Devotional Thoughts for Today
So the chief cupbearer told Joseph his dream. He said to him, “In my dream I saw a vine in front of me, 10 and on the vine were three branches. As soon as it budded, it blossomed, and its clusters ripened into grapes. 11 Pharaoh’s cup was in my hand, and I took the grapes, squeezed them into Pharaoh’s cup and put the cup in his hand.” 12 “This is what it means,” Joseph said to him. “The three branches are three days. 13 Within three days Pharaoh will lift up your head and restore you to your position, and you will put Pharaoh’s cup in his hand, just as you used to do when you were his cupbearer. 14 But when all goes well with you, remember me and show me kindness; mention me to Pharaoh and get me out of this prison. 15 I was forcibly carried off from the land of the Hebrews, and even here I have done nothing to deserve being put in a dungeon.”
“I know I’m supposed to be here for and ministering to Marybelle, but when I pray, why do I keep feeling that God is speaking to me about my own issues? I seem to be getting distracted.” While we are right to feel we shouldn’t be allowing ourselves to become the center of things when we’re supposed to be serving others, at the same time, should it be surprising that when we are serving others, God does a work in and for us as well?
“Remember me and get me out of here.” (v. 14, paraphrased)
Looking at Joseph’s success in prison, one can sometimes forget that it wasn’t easy for him to be there. He wanted out. Though he was staying at the home of a master who still seemed to view him with favor, even after a major crisis had threatened their relationship (Gen 39:19-20; 40:3-4, 7), his room at that home was still just a dungeon, his position still that of a slave. As prison manager, Joseph had risen in position as far as he could go under the circumstances, but what he was in charge of was still just a jail. His life was not at all going according to plan (as a young man wired as an administrator, no doubt he had had a plan). Though up to this point, the author has mainly been highlighting Joseph’s prosperity in adversity, here he reminds us of truly how adverse Joseph’s circumstances were: far from his own real home and family, forced to work as a slave, wrongly accused and misunderstood (=unhappy home life, work life and emotional/social life).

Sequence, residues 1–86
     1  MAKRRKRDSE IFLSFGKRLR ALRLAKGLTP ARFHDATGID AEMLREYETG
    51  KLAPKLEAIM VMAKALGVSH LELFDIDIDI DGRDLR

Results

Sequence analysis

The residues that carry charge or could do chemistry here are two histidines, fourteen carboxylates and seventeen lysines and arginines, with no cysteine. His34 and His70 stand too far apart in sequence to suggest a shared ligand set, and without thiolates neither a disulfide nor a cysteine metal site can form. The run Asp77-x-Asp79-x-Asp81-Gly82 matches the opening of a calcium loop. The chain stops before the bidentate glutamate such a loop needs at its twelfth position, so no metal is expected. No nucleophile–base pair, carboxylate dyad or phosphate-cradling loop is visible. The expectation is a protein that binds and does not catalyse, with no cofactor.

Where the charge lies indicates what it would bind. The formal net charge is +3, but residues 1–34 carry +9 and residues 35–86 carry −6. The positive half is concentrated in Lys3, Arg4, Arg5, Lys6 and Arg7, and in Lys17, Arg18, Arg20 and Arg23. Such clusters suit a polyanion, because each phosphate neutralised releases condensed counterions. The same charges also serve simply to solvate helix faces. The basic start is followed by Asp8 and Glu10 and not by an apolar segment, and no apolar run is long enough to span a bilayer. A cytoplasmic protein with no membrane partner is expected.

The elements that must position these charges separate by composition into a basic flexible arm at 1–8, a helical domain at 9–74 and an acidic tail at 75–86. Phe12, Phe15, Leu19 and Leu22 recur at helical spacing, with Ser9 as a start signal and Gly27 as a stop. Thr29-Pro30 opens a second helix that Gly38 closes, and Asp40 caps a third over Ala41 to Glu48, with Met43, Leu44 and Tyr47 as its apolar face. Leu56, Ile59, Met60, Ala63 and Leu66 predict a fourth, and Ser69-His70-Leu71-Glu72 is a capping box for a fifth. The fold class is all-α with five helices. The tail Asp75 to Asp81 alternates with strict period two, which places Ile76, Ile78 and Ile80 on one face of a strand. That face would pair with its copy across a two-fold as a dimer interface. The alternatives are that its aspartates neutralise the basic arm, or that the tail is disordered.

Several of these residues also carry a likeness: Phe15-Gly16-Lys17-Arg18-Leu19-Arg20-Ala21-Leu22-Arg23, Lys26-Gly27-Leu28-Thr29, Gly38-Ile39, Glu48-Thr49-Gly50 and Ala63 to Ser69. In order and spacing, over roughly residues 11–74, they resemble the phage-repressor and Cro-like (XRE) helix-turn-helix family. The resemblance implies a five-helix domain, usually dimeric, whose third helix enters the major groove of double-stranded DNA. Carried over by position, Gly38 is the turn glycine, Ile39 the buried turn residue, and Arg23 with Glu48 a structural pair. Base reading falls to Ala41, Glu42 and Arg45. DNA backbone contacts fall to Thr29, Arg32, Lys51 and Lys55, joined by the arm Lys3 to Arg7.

“This is what it means . . .” (v. 12)
Yet when Joseph receives the interpretation of the dream, hope arises. The reminder of the sorry state of his life (v. 15) appears in the context of his sharing it with someone who would soon be in a position to deliver him from it (v. 14). Though the dream was for the cupbearer, when Joseph interprets it, it also becomes a dream for him (i.e., having bearing on his life). When we exercise our gifts in service to others, we often think at first that we are just coming alongside to help, only to realize later that God had a reason for choosing us to be the very person to serve that other in this matter. Our well-beings are all connected; this is the beauty of God’s design for humanity. So whether it be in prayer, teaching, counseling, or other kind of serving, let us embrace ministering to one another today, trusting God’s love is expansive enough to cover us all, even at the same time.
Prayer: Lord God, help me to die to myself today and simply serve others, remembering that this can be the very way You release blessing in my own life, remembering that serving others is not in conflict with having my own needs met. I take you at Your word, that the one who loses their life for You will find it.
Bible Reading for Today: Numbers 14-15